Mayaro Fever outbreak in the Chirumbia Valley, Province of La Convención, Cusco-Peru Region, 2018: Could it be considered an occupational disease

  • Vector-borne
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In May 2018, the Health Network of La Convención reported an outbreak of febrile eruptive disease, in the Chirumbia Valley, in people who worked entering the forest in a rural sanitation project. Objective: to describe the outbreak, identify the agent, evaluate association with the activity performed and determine the presence of the possible vector.

A cross-sectional and retrospective cohort study was designed. Searching for any case of eruptive fever. An epidemiological record was applied to 127 people, with follow-up home visits of 6 months to confirmed cases. Cases were confirmed by RT-CRP, IgM antibodies, and clinical epidemiological correlation. The entomological study was carried out, determining the aedic index and catching other mosquitoes in populated centers, camps, coffee plantations and forests.

Mayaro fever was identified as the outbreak disease. The index case was a person who attended the arrival of Pope Francis in the neighboring Madre de Dios Region, which had active cases of the disease. Between March-July 2018, 35 cases were confirmed (3 by PCR, 29 by IgM and 3 by clinical-epidemiological correlation), discarding 92 cases. The average age was 42.7±14 years; 60% were male. The most affected community was Santusaires (57.1%). The attack rate was 27.56%. The confirmed cases presented: arthralgias (94.3%), myalgias (85.7%), fever (77.1%), headache (71.4%), lumbago (62.8%), chills (60%) and rash (51.4%). 2 cases were hospitalized, and in the confirmed cases the arthralgias (often intense) remained intermittently for an average of 20±2.5 weeks. Carrying out rubbing and stripping activity in the rural sanitation project was identified as a risk factor (RR=9.44, [IC95%=4.25-20.98], p=0.000). Sabethes and Culex mosquitoes presence were identified as potentially responsible for transmission.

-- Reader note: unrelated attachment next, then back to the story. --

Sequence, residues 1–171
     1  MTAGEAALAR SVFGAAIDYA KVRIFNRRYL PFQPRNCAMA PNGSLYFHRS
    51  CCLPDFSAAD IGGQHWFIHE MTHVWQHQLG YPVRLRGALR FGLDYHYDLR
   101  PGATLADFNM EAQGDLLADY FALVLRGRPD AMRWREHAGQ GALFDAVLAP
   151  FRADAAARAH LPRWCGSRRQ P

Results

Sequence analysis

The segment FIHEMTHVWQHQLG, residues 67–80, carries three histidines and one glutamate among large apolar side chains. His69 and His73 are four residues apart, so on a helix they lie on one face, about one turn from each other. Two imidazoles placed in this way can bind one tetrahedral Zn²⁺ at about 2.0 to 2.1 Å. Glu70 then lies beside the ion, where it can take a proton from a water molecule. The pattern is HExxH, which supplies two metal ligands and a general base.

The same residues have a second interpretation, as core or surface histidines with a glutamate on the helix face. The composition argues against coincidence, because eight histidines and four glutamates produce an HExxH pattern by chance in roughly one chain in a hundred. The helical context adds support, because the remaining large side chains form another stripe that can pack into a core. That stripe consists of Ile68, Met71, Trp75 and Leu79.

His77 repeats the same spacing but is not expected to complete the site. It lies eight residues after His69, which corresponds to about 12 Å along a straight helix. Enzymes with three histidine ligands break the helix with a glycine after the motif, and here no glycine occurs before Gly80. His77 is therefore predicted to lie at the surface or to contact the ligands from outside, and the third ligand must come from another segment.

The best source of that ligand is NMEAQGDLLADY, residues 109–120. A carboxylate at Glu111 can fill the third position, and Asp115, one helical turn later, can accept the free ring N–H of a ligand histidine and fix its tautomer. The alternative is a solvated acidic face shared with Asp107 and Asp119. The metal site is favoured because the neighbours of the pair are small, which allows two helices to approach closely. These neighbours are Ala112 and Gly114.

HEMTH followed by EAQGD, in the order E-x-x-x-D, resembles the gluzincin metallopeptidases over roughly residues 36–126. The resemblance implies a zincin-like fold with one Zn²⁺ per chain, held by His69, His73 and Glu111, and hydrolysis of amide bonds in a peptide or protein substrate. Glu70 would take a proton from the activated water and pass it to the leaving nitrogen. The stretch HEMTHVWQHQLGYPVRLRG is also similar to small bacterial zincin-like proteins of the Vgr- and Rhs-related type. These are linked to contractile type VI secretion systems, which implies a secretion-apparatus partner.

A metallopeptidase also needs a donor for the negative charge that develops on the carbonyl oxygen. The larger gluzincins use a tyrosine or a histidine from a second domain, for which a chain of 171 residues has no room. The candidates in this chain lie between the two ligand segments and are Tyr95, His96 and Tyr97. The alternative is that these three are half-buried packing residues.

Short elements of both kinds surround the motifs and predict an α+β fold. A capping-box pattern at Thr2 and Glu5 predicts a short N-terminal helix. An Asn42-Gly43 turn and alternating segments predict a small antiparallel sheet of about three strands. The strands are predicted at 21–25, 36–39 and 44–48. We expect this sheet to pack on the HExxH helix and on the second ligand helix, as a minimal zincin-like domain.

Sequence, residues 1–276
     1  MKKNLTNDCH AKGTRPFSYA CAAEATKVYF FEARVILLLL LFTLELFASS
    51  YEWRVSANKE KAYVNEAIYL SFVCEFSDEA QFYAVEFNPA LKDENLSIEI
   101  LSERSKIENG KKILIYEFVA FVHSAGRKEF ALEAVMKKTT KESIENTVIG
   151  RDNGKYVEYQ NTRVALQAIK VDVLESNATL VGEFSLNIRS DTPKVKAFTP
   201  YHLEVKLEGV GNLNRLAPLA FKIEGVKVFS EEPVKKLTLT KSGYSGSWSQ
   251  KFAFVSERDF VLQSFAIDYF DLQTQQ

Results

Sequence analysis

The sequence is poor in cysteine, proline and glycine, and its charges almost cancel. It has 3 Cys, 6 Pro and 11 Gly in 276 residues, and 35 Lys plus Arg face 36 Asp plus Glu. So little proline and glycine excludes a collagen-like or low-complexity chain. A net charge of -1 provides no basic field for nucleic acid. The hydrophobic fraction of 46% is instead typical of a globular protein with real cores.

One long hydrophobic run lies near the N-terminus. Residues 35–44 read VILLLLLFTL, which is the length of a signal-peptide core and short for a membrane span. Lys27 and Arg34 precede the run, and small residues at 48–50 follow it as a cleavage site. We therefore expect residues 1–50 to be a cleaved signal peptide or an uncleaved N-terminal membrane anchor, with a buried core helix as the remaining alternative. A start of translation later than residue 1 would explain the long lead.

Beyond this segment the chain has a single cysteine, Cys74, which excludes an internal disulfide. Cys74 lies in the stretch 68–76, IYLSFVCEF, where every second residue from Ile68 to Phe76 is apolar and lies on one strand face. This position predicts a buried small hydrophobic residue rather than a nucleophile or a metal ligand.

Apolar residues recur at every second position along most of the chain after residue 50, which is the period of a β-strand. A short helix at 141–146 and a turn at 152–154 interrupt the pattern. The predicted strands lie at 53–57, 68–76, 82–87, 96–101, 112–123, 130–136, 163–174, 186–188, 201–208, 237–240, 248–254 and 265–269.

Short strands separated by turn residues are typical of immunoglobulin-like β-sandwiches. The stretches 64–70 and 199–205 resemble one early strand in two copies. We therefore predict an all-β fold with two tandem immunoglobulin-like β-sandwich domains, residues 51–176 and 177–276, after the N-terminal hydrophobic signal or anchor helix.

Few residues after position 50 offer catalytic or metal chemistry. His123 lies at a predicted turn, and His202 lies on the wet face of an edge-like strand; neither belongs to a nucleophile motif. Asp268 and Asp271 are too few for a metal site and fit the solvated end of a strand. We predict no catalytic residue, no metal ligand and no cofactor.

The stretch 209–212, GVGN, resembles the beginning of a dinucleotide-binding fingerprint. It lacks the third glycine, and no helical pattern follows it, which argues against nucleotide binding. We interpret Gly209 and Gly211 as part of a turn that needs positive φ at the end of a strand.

Mayaro Fever outbreak was confirmed as an emerging disease in the Chirumbia Valley, with a significant presence of intense and prolonged arthralgia, and associated with work in a rural sanitation project. It is necessary molecular studies that explain the long period of convalescence of those affected, which could be associated with the circulating genotype. Mayaro fever should be considered as an occupational disease. Mayaro Fever is in the process of inclusion as a notifying disease in Peru.

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